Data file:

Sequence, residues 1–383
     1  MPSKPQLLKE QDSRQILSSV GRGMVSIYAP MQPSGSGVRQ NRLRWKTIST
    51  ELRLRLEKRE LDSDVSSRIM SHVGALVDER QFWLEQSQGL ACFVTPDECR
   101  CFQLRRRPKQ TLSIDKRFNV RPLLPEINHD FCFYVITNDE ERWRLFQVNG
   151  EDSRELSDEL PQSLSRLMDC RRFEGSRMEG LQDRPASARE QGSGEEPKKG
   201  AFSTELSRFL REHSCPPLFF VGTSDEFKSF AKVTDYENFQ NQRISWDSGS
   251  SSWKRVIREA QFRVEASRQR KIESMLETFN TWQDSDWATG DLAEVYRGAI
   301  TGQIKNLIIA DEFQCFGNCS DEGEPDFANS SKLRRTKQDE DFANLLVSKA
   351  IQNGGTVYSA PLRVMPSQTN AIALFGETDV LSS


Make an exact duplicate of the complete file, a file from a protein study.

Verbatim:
Sequence, residues 1–383
     1  MPSKPQLLKE QDSRQILSSV GRGMVSIYAP MQPSGSGVRQ NRLRWKTIST
    51  ELRLRLEKRE LDSDVSSRIM SHVGALVDER QFWLEQSQGL ACFVTPDECR
   101  CFQLRRRPKQ TLSIDKRFNV RPLLPEINHD FCFYVITNDE ERWRLFQVNG
   151  EDSRELSDEL PQSLSRLMDC RRFEGSRMEG LQDRPASARE QGSGEEPKKG
   201  AFSTELSRFL REHSCPPLFF VGTSDEFKSF AKVTDYENFQ NQRISWDSGS
   251  SSWKRVIREA QFRVEASRQR KIESMLETFN TWQDSDWATG DLAEVYRGAI
   301  TGQIKNLIIA DEFQCFGNCS DEGEPDFANS SKLRRTKQDE DFANLLVSKA
   351  IQNGGTVYSA PLRVMPSQTN AIALFGETDV LSS